We’ve started a new initiative at work to spend more time with each other sharing knowledge and exploring beyond our day to day projects — it’s called the Huddle. We had 6 minutes to share something with the rest of the team before Lucy hijacked the meeting to present some super interesting research on Mintel’s 2016 trends.
As we’ve had a couple of new people join us recently at Common Good I thought it might be a good idea to explain what it is I actually do! This may seem silly but I always find this trickier than it might sound because I do a lot of intangible things; as well as a few tangible ones. One of the key thoughts recently has been to productise the services I do so I thought I’d start the process by sharing a quick deck on my expectations of the huddle, a bit about me, and a few descriptions of Service Design.
- This. (the huddle)
- Me. (a person)
- Service Design things.
I want a huddle to be…
What I hope it’s not…
And that it’s more like this…
My presentation is about my job title as a Service Designer…
Some people call themselves design thinkers, design strategists or new service marketers
I think I’m probably more of these things…
Learner. Thinker. Dreamer. Doer. Strategist. Designer. Explorer. Creative. Tea-drinker. Human.
(I also used to be part-robot)
Mostly I like finding patterns and connecting things.
And I believe we can do this through re-designing, co-designing and reimagining things better using methods of Service Design, Experience Design and Business Design.
So to define designing, I really like this quote:
“Frankly, one of the greatest strengths of design is that we have not settled on a single definition. Fields in which definition is now a settled matter tend to be lethargic, dying, or dead fields where inquiry no longer provides challenges to what is accepted as truth.” (Richard Buchanan, 2001)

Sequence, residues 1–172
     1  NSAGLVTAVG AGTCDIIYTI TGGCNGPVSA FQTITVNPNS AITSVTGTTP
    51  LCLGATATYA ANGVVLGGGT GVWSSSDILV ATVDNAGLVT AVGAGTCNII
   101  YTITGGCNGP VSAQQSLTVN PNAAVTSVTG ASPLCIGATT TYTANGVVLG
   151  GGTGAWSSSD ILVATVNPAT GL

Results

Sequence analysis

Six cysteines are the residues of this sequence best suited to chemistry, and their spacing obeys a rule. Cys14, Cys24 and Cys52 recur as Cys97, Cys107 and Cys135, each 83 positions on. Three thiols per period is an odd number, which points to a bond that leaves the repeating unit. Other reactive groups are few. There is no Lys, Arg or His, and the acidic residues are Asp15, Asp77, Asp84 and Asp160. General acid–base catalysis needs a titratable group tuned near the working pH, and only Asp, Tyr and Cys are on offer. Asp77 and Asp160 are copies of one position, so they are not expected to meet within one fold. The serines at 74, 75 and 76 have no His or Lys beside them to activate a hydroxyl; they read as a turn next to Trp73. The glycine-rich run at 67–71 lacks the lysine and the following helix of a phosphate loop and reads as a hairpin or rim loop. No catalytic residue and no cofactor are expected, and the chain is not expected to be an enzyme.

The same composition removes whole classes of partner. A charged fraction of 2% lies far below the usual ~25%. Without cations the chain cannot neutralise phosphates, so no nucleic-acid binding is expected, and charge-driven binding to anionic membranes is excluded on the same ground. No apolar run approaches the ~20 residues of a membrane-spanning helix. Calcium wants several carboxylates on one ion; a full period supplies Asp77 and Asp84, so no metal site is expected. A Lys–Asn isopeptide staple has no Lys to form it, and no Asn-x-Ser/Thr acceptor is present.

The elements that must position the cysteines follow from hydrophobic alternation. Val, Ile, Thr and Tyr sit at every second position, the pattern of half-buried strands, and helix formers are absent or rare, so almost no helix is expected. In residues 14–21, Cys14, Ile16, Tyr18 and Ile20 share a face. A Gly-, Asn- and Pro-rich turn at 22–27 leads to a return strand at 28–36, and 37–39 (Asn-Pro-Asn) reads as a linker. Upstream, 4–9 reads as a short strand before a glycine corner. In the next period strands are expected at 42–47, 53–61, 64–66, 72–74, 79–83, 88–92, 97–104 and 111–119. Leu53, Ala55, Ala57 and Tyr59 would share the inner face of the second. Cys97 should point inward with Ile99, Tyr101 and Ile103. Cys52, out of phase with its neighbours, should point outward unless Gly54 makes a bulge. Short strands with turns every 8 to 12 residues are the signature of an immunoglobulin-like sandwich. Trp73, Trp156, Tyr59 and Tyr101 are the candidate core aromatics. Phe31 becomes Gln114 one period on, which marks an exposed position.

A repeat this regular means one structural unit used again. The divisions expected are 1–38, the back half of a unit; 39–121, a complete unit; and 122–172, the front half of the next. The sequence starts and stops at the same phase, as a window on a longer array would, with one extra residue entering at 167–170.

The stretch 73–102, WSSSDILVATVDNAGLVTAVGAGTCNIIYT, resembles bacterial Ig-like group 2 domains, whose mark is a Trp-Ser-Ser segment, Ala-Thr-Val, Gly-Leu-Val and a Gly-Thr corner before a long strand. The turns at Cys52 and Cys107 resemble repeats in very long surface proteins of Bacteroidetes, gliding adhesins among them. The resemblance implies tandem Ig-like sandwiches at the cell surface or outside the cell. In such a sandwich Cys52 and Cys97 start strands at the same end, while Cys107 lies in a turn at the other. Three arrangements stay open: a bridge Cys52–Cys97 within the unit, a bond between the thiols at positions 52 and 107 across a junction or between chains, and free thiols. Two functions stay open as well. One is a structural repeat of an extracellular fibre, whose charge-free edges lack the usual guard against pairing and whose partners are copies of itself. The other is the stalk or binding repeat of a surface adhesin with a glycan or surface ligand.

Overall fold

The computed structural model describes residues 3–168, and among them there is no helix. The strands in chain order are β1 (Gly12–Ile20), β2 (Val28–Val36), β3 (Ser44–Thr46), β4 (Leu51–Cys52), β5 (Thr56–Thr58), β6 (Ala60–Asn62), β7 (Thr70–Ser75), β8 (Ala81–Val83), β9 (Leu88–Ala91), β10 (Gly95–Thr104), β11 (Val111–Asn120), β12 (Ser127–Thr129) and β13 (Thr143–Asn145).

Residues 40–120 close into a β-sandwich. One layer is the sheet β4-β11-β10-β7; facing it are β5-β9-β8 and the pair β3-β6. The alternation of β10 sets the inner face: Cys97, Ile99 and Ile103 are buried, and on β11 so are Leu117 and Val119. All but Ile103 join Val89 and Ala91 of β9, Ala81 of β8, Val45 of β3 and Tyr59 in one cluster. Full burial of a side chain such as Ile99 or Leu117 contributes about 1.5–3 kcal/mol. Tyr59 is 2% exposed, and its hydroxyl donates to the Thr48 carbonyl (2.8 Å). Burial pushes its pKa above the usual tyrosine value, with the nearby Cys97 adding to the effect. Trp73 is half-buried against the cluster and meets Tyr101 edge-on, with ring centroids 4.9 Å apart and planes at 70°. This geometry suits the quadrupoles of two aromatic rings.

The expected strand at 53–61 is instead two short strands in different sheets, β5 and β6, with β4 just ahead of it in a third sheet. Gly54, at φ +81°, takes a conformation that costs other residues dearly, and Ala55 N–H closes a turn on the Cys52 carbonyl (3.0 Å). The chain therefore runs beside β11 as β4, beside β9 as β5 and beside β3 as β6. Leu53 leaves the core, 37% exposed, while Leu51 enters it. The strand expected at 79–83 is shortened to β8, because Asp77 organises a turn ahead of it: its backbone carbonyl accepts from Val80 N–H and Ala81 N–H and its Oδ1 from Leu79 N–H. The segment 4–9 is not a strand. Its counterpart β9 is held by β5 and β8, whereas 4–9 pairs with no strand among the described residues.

But it doesn’t help much, so in an attempt to define it, there’s this:
Service Design provides a systematic and creative approach to:
- Meeting service organisations’ need (competitive)
- Meeting customers’ expectations (choice/quality)
- Making use of the technologies’ revolution
- Answering environmental, social and economic challenges to sustainability
- Fostering innovative social models and behaviours
- Sharing knowledge & learning (Sylvain Cottong, 2009)
The Service Designer can:
- visualise, express and choreograph what other people can’t see, envisage solutions that do not yet exist
- observe and interpret needs and behaviours and transform them into possible service futures
- express and evaluate, in the language of experiences, the quality of design (Service Design Network, 2005)
Service Design is a holistic approach, which considers in an integrated way, strategic, system, process and touchpoint design decisions (Saco, Goncalves, 2008). It is a human-centred approach that focuses on customer experience and the quality of service encounter as the key value for success.
And finally here’s a really good analogy a friend described it as…
And so… I believe that ultimately when you design a new service, product or experience, you are fundamentally designing its business.
Does that make sense? Any feedback welcome…